In Paul Johnson’s “American Idealism and Realpolitik Critique” about American involvement in political battles in foreign countries, he brings forth the idea that the American government plays a vital role when it comes to mediating and facilitating conflict. Their importance can often be overshadowed by some opinions that the government, specifically the army, has over stepped its boundaries by intruding on countries and excessively becoming involved in hostility. Johnson notes that without American intervention, there would be cause for a considerable diminish in aid and possibly a rise in disputes. Johnson compares to America’s duties to Thomas Hobbes’ Leviathan in which the lack of control over the discord between countries results in an anarchy that would leave the world’s population to “‘continual fear and danger of violent death, and the life of man solitary, poor, nasty, brutish and short.” (Johnson 387) Although he does put a stress on the significance of the American government, he does not ignore the obvious moral flaws that sometimes tarnish this reputation. When adding up the pros and cons of the United States authority, Johnson’s writing favours the positive aspects but also has hints of neutrality; this attitude is quite fitting considering America’s actions.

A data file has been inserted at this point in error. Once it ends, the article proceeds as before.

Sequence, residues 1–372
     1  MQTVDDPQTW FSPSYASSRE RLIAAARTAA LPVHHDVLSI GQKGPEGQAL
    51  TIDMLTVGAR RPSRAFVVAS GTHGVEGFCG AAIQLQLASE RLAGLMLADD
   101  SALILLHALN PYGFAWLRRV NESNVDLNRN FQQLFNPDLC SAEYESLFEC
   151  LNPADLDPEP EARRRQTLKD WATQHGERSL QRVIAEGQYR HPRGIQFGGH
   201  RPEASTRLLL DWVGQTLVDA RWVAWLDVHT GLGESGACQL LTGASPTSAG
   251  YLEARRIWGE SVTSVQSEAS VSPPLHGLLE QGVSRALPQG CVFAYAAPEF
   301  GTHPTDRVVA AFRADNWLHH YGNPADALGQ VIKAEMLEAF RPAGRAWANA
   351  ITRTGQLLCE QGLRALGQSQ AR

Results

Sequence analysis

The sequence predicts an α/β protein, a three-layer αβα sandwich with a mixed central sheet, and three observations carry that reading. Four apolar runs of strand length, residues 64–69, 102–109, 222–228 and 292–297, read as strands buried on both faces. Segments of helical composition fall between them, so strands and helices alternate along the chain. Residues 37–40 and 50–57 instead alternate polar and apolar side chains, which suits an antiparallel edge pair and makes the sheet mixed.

Paul Johnson brings to the attention of his audience the vitality of having a country to intercede the never ending antagonistic arguments that plague the globe. The tone that Johnson takes is more so